Most beginner and even experienced gardeners find themselves toiling away every summer to get the garden prepped, planted, maintain weeds, manage pests and finally – harvest. But, what if you could skip all that labor and get right to the harvesting? Sound like a dream? Too good to be true? It’s actually quite easy with proper planning and management. Mother Nature is happy to do most of the work for you as long as you give her a chance.
If you are new to gardening, check out my beginner’s guide to get you started.
(Skip ahead to see the awesome list of plants)
I first discovered this idea by accident. My first year gardening I planted a small raised bed, using an easy to set up kit, with some cherry tomato plants. I was lazy and didn’t clean up all the fallen tomatoes at the end of the season. I also had pigs tilling up my new garden area for the following year who ate some of the overripe tomatoes from the raised beds.
The next year I had massive quantities of those cherry tomatoes in both gardens! Along with some lettuce, spinach and parsley that also came back. From then on I started planning my garden in anticipation of these crops coming back on their own.
To learn how to save seeds from your vegetable garden and safely store them to plant the following season, check out my E-book, “Saving Vegetable Seeds – a quick start guide“.
The term “Edible Garden” has been gaining in popularity lately and the idea of the perpetual garden ties in nicely if you think of it from a landscape design point of view. Replacing traditional flowerbeds with edible alternatives is a great idea if you’re tight on space or don’t want to tear up huge sections of your yard for vegetable gardens.
Plant in groupings or rows for visual effect. Taller plants in the back and shorter plants in the front, making sure everything gets the proper amount of sun. Here is my raised bed garden design from 2018 if you need some inspiration.
Permaculture principles and companion planting can also be applied to lay your garden out so that mutually beneficial plants are placed next to one another. Some plants can be used as ground cover or mulch to suppress weeds, some can add nutrients and enrich the soil, some can attract beneficial insects, while others can repel pests.
Now for the important part. What kind of plants could thrive in this kind of garden? The answer is, almost anything. Just remember not to harvest everything at the end of the season.
Most plants, given the chance will reseed themselves, just as nature intended and continue the life cycle. Plant the first year and let seed pods and overripe fruits fall to the ground for next years growing season. Or place them in a different spot in the garden in fall to reseed for next year. Some biennial plants such as onions and parsley won’t produce their seeds until the second year. And perennials such as strawberries and asparagus will come back again and again (as well as reproduce).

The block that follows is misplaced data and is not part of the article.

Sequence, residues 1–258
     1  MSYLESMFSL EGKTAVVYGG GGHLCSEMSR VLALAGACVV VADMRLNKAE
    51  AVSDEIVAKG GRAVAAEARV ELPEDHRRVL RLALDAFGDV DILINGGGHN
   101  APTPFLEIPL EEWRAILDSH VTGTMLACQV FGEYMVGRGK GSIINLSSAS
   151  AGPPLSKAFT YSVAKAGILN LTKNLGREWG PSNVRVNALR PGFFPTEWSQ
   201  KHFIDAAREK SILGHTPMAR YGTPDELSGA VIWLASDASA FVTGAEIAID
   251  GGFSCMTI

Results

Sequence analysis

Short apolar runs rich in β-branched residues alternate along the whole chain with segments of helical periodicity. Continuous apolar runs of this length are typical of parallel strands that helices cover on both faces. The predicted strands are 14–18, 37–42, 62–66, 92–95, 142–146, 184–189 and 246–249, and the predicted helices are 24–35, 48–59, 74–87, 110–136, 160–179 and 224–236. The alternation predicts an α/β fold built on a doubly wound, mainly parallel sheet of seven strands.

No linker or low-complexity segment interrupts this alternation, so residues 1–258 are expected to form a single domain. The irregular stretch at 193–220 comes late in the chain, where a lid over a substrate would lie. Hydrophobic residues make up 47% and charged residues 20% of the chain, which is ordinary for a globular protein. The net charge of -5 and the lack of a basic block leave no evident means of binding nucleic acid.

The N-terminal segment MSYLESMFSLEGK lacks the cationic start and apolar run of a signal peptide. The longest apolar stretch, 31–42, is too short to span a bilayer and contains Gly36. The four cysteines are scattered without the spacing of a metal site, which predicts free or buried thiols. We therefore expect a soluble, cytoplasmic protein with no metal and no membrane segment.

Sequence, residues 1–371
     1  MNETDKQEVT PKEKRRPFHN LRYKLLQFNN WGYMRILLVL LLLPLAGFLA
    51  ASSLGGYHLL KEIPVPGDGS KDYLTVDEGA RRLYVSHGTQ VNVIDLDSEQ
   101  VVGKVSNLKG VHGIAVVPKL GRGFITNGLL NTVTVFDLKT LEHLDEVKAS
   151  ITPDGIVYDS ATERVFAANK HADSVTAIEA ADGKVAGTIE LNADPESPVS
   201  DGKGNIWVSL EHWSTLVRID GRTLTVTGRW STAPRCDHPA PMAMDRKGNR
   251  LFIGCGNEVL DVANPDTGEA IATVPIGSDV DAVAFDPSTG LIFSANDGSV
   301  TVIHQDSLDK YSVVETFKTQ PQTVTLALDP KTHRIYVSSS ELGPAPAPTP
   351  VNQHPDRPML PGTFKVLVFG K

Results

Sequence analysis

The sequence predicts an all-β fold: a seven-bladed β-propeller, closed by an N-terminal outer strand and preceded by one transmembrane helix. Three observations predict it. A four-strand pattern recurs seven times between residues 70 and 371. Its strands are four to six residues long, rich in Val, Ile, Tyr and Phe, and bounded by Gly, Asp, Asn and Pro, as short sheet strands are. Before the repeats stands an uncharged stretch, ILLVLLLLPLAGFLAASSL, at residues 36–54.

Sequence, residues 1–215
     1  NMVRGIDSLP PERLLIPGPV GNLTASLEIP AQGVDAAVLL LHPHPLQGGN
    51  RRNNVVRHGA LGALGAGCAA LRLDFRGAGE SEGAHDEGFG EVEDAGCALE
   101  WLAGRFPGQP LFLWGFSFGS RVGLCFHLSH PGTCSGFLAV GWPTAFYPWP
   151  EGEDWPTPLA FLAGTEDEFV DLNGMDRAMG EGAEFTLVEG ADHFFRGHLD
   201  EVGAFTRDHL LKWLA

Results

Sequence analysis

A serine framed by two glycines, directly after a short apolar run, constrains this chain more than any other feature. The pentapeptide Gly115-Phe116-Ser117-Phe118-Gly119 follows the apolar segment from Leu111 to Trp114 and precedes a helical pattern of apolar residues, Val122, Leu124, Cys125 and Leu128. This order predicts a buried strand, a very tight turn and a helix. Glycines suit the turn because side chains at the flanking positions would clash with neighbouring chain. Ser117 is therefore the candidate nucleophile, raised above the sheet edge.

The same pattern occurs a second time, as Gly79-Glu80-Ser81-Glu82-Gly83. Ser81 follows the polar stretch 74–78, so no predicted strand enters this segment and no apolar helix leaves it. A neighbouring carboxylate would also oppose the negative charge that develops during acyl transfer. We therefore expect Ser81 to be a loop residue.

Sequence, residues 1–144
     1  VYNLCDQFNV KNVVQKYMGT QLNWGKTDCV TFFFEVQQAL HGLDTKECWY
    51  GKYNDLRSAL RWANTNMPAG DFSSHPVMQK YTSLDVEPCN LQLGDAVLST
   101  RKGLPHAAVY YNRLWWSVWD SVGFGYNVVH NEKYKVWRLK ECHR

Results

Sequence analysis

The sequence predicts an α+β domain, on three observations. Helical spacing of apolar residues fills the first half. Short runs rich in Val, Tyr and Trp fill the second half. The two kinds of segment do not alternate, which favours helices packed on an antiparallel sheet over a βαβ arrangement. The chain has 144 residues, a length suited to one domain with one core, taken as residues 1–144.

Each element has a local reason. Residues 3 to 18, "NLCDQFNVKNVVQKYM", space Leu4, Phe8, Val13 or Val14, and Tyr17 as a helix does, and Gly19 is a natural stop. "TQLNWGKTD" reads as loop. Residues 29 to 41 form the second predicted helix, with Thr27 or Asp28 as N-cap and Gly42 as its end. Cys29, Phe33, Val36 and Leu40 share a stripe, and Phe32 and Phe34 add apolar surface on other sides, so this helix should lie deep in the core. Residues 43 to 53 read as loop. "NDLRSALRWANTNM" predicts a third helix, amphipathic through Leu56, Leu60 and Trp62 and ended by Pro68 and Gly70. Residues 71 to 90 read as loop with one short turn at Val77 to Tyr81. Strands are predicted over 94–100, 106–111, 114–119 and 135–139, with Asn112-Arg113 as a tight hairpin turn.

The most important thing to consider when planning this type of garden is the quality of plants you select. Stay away from hybrid and genetically modified varieties. Look for the term “heirloom” meaning the plant will retain its original genetics and produce viable offspring. These can, however, be pollinated by neighboring plants.
You also need to take care to control invasive, widely spreading herbs such as mint or horseradish which can overtake an entire garden. These are better off in pots or raised beds. You also need to leave room for all your plants to grow and spread a bit in future years. Fences, arbors and trellises should also be added for climbing vines like squash, melons, beans and grapes to save space and reduce soil borne diseases. Don’t forget to check whether your plant is a “bush” or “vine” variety while planning the trellises.
Diseases can also take hold of some plants such as tomatoes and potatoes, so occasional rotating may be necessary.
Here’s the list. Make sure to check your zone and research the variety you plan on purchasing before planting.
- Beets (biennial)
- Broccoli raab
- Carrots (biennial)
- Collard Greens
- Kale (biennial)
- Onions (biennial)
- Parsnips (biennial)
- Squash (pumpkins, butternut, acorn, etc)
Reseeding Herbs and Flowers:
- Bachelor Button
- Parsley (biennial)
- Sweet Alyssum
- Broccoli (Nine Star, Purple Cape)
- Good King Henry
- Jerusalem Artichoke
- Onion (Egyptian and Potato)
- Ramps (Wild Leeks)
- Scarlet Runner Beans
- Sea Kale
- Spinach (Ceylon, Malibar, Sissoo, New Zeland)
- Sweet Potato
- Tree cabbages/tree collards
- Water Cress
Perennial Herbs and Flowers:
- Basil (African Blue, East Indian)
- Black Salsify
- Lemon Balm
Perennial Grains and Grasses:
- Sugar Cane
Perennial Trees, Bushes and Fruit:
- Goji Berries
If you know of any other veggies, herbs or fruits to add to my list please comment below. I would love to hear more ideas and garden success stories.
If you are new to gardening or seed starting, check out my Veggie Garden Supply List (includes starting seeds indoors)!
16 thoughts on “The perpetual veggie garden (never buy another transplant or seed packet again!)”
Pepper plants are perennials as well. In cooler zones where it frosts they can be potted and overwintered inside. In my toasty zone 9b they can live in ground for many years. Love this list and thank you! Cheers